14. What Is Strategy? harvard business review • november–december 1996 in-house parts production whenever the economics dictate. Yet Bic goes beyond simple consistency be- cause its activities are reinforcing. For example, the company uses point-of-sale displays and frequent packaging changes to stimulate im- pulse buying. To handle point-of-sale tasks, a company needs a large sales force. Bic’s is the largest in its industry, and it handles point-of- sale activities better than its rivals do. More- over, the combination of point-of-sale activity, heavy television advertising, and packaging changes yields far more impulse buying than any activity in isolation could. Third-order ﬁt goes beyond activity rein- forcement to what I call optimization of effort. The Gap, a retailer of casual clothes, considers product availability in its stores a critical ele- ment of its strategy. The Gap could keep prod- ucts either by holding store inventory or by re- stocking from warehouses. The Gap has optimized its effort across these activities by restocking its selection of basic clothing almost daily out of three warehouses, thereby mini- mizing the need to carry large in-store invento- ries. The emphasis is on restocking because the Gap’s merchandising strategy sticks to basic items in relatively few colors. While compara- ble retailers achieve turns of three to four times per year, the Gap turns its inventory seven and a half times per year. Rapid restock- ing, moreover, reduces the cost of implement- ing the Gap’s short model cycle, which is six to eight weeks long.3 Coordination and information exchange across activities to eliminate redundancy and minimize wasted effort are the most basic types of effort optimization. But there are Explanatory catalogues, informative displays and labels Self-transport by customers Limited customer service Self-selection by customers Modular furniture design Low manufacturing cost Suburban locations with ample parking High-traffic store layout More impulse buying Ease of transport and assembly Self-assembly by customers “Knock-down” kit packaging Wide variety with ease of manufacturing Limited sales staffing Increased likelihood of future purchase In-house design focused on cost of manufacturing Ample inventory on site Most items in inventory Year-round stocking 100% sourcing from long-term suppliers Mapping Activity Systems Activity-system maps, such as this one for Ikea, show how a company’s strategic position is contained in a set of tailored activities designed to deliver it. In companies with a clear strategic position, a number of higher-order strategic themes (in dark grey) can be identified and implemented through clusters of tightly linked activities (in light grey). page 14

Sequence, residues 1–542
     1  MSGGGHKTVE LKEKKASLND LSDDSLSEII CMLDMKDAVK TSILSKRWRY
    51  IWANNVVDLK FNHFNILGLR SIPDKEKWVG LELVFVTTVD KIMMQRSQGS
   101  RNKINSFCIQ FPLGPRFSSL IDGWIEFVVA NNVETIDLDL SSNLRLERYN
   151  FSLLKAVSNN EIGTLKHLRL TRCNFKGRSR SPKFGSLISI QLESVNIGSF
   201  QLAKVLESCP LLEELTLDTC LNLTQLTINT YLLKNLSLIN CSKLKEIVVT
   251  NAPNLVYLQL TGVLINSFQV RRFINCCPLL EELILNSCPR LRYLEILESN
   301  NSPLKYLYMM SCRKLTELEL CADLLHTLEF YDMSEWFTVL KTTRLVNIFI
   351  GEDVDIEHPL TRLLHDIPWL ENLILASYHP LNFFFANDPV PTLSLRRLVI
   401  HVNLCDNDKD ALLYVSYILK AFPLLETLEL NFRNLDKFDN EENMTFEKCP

15. What Is Strategy? harvard business review • november–december 1996 higher levels as well. Product design choices, for example, can eliminate the need for after- sale service or make it possible for customers to perform service activities themselves. Simi- larly, coordination with suppliers or distribu- tion channels can eliminate the need for some in-house activities, such as end-user training. In all three types of ﬁt, the whole matters more than any individual part. Competitive ad- vantage grows out of the entire system of activi- ties. The ﬁt among activities substantially re- duces cost or increases differentiation. Beyond that, the competitive value of individual activi- ties—or the associated skills, competencies, or resources—cannot be decoupled from the sys- tem or the strategy. Thus in competitive com- panies it can be misleading to explain success by specifying individual strengths, core compe- tencies, or critical resources. The list of strengths cuts across many functions, and one strength blends into others. It is more useful to think in terms of themes that pervade many activities, such as low cost, a particular notion of customer service, or a particular conception of the value delivered. These themes are em- bodied in nests of tightly linked activities. Fit and sustainability. Strategic ﬁt among many activities is fundamental not only to competitive advantage but also to the sus- tainability of that advantage. It is harder for a rival to match an array of interlocked ac- tivities than it is merely to imitate a particu- lar sales-force approach, match a process technology, or replicate a set of product fea- tures. Positions built on systems of activities are far more sustainable than those built on individual activities. Consider this simple exercise. The probabil- Wary of small growth funds Very low expenses passed on to client A broad array of mutual funds excluding some fund categories Strict cost control Efficient investment management approach offering good, consistent performance Direct distribution Straightforward client communication and education Limited international funds due to volatility and high costs Use of redemption fees to discourage trading Employee bonuses tied to cost savings No marketing changes No broker-dealer relationships No-loads No commissions to brokers or distributors Only three retail locations In-house management for standard funds Limited advertising budget Very low rate of trading No first-class travel for executives Emphasis on bonds and equity index funds On-line information access Shareholder education cautioning about risk Long-term investment encouraged Vanguard actively spreads its philosophy Reliance on word of mouth Vanguard’s Activity System Activity-system maps can be useful for examining and strengthening strategic fit. A set of basic questions should guide the process. First, is each activity consistent with the overall positioning – the varieties produced, the needs served, and the type of customers accessed? Ask those responsible for each activity to identify how other activities within the company improve or detract from their performance. Second, are there ways to strengthen how activities and groups of activities reinforce one another? Finally, could changes in one activity eliminate the need to perform others? page 15